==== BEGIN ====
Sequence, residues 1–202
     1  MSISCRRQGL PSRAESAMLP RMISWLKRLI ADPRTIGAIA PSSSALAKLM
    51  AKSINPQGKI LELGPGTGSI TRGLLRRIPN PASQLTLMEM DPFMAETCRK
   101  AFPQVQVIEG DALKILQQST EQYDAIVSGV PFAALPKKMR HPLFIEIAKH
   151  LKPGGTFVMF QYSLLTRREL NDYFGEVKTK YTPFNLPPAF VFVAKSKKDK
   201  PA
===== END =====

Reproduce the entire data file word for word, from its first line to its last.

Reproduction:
Sequence, residues 1–202
     1  MSISCRRQGL PSRAESAMLP RMISWLKRLI ADPRTIGAIA PSSSALAKLM
    51  AKSINPQGKI LELGPGTGSI TRGLLRRIPN PASQLTLMEM DPFMAETCRK
   101  AFPQVQVIEG DALKILQQST EQYDAIVSGV PFAALPKKMR HPLFIEIAKH
   151  LKPGGTFVMF QYSLLTRREL NDYFGEVKTK YTPFNLPPAF VFVAKSKKDK
   201  PA